the Methodist Church were parted with
reluctantly, coupled with unqualified
approval of the revised copy as a
greatly Improved collection. The
church was congratulated on having
been furnished with a hymn book
which, from the number, variety and
adaptation of Its hymns, would not re
quire another revision for generations
That this was a short-sighted view
Is shown by the -feet that In less than
one generation (1S7S) another revision
was required and made, and now, 2S
years later, the controlling power of
the church. In response to the demand
of the great army enrolled under its
name, has produced yet another re
vision, which the bishops, thirty-six in
number, commend and present as an
admirable compilation of sacred lyrics,
"trusting that for many long years It
will prove a visible and potent bond of
union among Methodists."
The history of hymnody Is possessed
of an interest all its own. It Is In a
sense the history of religious develop
ment and growth. It Is not possible
here and now to do more than refer to
It, briefly citing a few examples In proof
of the change that It represents In re
ligious thought and belief.
From the Methodist hymn book Is
sued In America in 1768 or 1770, to the
hymnal that has just been issued. Is a
long step whether we measure It by
years or by change in Methodist meth
ods, and in Methodist belief. This is
merely to say that while the rest of the
world has been moving, Methodism has
not stood still, albeit each forward step
has been taken with hesitancy lest by
It eome tenet of the church, some re
quirement of Its theology, be shaken.
some rivet in Its creed be started
This first Methodist hy-mn book, we
are told, was made up wholly of the
hymns and sacred poems of the Wes
leys. Down to the version of 1849, nearly
one-half the hymns that . Methodists
were authorized to sing In connection
with public worship were those of
Charles Wesley. This hymn writer has
but 17 per cent of the hymns of the
latest version as against 27 per cent In
the version of 1S7S. The editors of this
last version, says the Pacific Christian
Advocate, yielded to the broader spirit
of the day, -by greatly enlarging the list
of authors and dropping out 262 of the
Wesley hymns, adding:
In the new hymnal thin every-way whole
some and. Indeed, Inevitable process hK
been rightly carried still further by the
dropping of 108 more of tb Wesley's hynms.
ISC of Charles' and 129 of Johns', leaving,
however. 121 of the former's and 10 of the
1atters still on the list, which is probably
That which will strike some persons
as more remarkable than the gradual
expurgation of Wesley's hymns Is the
introduction of .some of those of Whit
tler and Samuel Longfellow and Wil
liam Cullen Bryant men whose re
ligion was above all creed and whose
belief in God barred out a belief In
vicarious atonement. Whlttler's well
known poem, "The Eternal Goodness."
Is used In part, though care has been
takep to expurgate the stanza begin
ning: But still my human hands are weak
To hold your iron creeds;
I Again the- words ye bid me xpoak
My heart within me plead.
Nor do we find In this hymnal the
following verse of the same poem:
Who fathoms the eternal thought.?
Who talks of scheme and plan?
The Lord Is God; he needeth net
The poor advice of man.
Still, it is a good deal, as Judged by
former standards of sacred songs set
up by eccleslasticism. to find in the
new Methodist hymnal the stanzas
culled as admissible to the church and
to find In an organ of Methodism the
assurance that this and another hymn
by the same author "are especially sure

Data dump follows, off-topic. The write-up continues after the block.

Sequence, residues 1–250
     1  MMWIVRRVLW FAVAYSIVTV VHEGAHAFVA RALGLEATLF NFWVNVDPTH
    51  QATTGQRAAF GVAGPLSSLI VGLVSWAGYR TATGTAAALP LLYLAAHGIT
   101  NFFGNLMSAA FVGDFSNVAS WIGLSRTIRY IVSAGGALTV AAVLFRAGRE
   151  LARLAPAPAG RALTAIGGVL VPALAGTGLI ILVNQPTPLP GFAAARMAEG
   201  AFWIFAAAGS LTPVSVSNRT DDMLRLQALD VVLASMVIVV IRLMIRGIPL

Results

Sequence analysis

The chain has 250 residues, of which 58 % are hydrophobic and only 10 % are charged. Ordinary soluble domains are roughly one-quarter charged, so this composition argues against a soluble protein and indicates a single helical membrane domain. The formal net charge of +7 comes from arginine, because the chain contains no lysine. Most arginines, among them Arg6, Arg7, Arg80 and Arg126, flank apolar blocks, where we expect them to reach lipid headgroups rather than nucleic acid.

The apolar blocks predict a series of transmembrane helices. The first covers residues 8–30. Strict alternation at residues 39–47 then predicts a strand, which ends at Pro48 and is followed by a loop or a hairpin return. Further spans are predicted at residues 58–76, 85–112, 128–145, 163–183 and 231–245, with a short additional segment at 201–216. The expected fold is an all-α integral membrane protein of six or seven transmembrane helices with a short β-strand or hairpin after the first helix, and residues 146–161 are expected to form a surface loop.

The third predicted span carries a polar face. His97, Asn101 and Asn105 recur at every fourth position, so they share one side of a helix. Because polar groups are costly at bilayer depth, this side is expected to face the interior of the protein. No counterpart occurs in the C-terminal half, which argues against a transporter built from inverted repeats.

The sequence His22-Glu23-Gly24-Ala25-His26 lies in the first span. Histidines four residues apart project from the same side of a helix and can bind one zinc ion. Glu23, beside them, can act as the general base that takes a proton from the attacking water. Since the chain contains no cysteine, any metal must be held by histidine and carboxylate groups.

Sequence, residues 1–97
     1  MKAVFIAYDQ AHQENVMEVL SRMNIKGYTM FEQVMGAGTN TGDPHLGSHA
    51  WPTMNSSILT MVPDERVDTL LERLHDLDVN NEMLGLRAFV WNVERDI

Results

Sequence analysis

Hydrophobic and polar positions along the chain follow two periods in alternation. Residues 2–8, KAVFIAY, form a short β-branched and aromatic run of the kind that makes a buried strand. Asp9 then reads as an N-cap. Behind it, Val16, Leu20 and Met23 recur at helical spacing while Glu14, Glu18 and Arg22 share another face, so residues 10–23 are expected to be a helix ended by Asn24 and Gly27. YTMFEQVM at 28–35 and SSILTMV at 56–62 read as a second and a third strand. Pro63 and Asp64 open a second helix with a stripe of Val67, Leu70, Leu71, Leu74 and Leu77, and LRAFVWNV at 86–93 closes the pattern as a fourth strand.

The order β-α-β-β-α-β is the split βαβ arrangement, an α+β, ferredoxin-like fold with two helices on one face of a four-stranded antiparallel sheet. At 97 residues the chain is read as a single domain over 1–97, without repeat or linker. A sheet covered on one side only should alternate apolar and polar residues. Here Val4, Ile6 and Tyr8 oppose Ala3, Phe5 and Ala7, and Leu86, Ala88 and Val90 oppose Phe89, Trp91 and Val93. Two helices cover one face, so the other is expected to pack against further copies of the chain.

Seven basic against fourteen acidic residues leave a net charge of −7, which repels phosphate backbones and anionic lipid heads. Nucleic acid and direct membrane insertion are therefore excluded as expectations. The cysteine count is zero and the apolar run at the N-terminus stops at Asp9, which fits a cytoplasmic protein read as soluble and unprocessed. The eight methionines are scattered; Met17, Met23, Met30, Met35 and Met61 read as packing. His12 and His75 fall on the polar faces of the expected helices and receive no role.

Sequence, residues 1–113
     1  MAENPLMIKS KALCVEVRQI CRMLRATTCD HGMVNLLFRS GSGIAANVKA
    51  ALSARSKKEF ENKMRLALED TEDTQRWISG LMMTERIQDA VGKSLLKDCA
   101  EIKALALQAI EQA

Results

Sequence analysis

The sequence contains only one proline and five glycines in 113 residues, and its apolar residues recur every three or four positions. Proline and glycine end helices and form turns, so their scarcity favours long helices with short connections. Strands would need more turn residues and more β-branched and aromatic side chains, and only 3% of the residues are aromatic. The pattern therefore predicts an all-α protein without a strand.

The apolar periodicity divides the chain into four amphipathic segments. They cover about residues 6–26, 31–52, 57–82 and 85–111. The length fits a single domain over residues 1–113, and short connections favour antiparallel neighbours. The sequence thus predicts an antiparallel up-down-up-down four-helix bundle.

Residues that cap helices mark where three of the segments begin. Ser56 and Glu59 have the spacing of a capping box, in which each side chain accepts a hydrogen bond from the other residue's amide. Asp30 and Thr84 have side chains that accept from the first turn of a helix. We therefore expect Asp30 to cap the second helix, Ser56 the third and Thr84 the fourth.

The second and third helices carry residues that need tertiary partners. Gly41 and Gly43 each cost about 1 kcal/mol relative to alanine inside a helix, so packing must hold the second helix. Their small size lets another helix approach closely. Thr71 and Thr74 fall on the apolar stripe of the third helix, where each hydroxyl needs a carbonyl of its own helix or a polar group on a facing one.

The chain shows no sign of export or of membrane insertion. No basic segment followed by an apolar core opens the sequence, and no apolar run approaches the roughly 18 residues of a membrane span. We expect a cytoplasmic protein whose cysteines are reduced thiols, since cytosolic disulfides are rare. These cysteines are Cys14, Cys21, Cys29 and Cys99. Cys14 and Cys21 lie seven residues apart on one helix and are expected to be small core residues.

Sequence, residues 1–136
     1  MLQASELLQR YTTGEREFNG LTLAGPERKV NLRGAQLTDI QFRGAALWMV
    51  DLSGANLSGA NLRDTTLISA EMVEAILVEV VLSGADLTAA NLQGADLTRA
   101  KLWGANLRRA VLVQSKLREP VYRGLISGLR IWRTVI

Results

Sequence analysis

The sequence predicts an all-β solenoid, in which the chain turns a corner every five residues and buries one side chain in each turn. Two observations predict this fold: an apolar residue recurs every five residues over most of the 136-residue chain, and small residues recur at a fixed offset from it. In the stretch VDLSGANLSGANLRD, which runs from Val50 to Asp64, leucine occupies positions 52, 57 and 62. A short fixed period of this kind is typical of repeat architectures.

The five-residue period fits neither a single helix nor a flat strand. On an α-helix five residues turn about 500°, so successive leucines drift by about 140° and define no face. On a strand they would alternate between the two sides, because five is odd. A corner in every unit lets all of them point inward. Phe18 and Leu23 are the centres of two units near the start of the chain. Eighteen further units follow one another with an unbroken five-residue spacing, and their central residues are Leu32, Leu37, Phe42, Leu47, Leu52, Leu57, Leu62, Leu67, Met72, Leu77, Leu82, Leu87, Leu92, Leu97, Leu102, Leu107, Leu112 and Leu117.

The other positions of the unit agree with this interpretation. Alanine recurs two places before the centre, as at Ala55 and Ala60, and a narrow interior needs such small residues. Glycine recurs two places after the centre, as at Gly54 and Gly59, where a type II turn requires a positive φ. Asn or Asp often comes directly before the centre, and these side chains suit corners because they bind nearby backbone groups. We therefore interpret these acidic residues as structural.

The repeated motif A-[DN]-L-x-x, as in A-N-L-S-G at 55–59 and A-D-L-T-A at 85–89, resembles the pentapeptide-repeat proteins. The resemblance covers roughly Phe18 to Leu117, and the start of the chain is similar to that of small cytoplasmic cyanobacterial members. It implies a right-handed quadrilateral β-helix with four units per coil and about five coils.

to be welcomed by great numbers."
This new hymnal, as far as these In
novations go, represents growth of the
religious Idea, a breaking of the shell
of the old eccleslasticism, a disposition
to keep step with the advance of mod
ern thought In matters spiritual, even
while the return to ritualism shows that
the great Methodist Church has left be
hind It the simplicity, and spontaneity
that characterized and made distinctive
the religious expression of the Wes
leys Its methods. In brief, that gave It
name and place among the religious
denominations of the world.
In conclusion it is safe to say that no
collection of sacred songs, prepared for
public worship, ever again will contain
a hymn proclaiming:
Sinner, hell Is deep and yawnlnr.
Quenchless fires are raging there.
No, one beam of hope is dawning
On those regions of despair.
Like some vast volcanic crater
Burning waves of lava swell
Rage and toss and mourn and labor
Such. oh. sinner, such -Is hell.
Nor are we likely to find 'g&od Dr.
Watts In any new hymnal a'ddresslng
"sinners"' In this wise:
Wilt thou deplsp eternal fate
Led on by sin's delusive dreams?
Madly attempt the Infernal fate
And force thy passage to the flames?
Nor yet will the agonized Inquiry of
a terrified soul, duly wrought upon by
i a theology that revolves around pic
tures of this lurid type, exclaim:
Ah, 'whither -shall I fly?
I hear the thunder's roar;
The ilair ' proclaims destruction nigh
; And Whgeanee at the door.
tather let us believe In the light of
past progress. In compiling hymns for
public worship, that the gentle voices
of Cowper, of Elizabeth Barrett Brown-
ing. of Phebe and Alice Carey, of Ten
nyson, of Whlltler, of Holmes, of Sam
uel Longfellow, will Join with the more
hopeful and Joyous notes of the Wes
leys, of Dodderldge, of Watts.- of Mont
gomery, of Crosby and of others of the
grand company of old hymn writers,
eliminating still further from our hymn
books the gloomy, doleful expressions
of a lurid theology, the supreme effort
of which was directed toward arousing
and playing upon the -fears of man. Ig
noring the far greater power of love
in developing his spiritual nature.
TEACE COUNSELS AND TORPEDOBOATS.
President Roosevelt works half the
.day in trying to establish peace be
tween Russia and Japan and the other
half on experiments with a new sub
marine torpedoboat a contrivance sup
posed to be 'one of the most destructive
of modern engines of war. But In this
various activity he does not con
tradict himself, for he believes that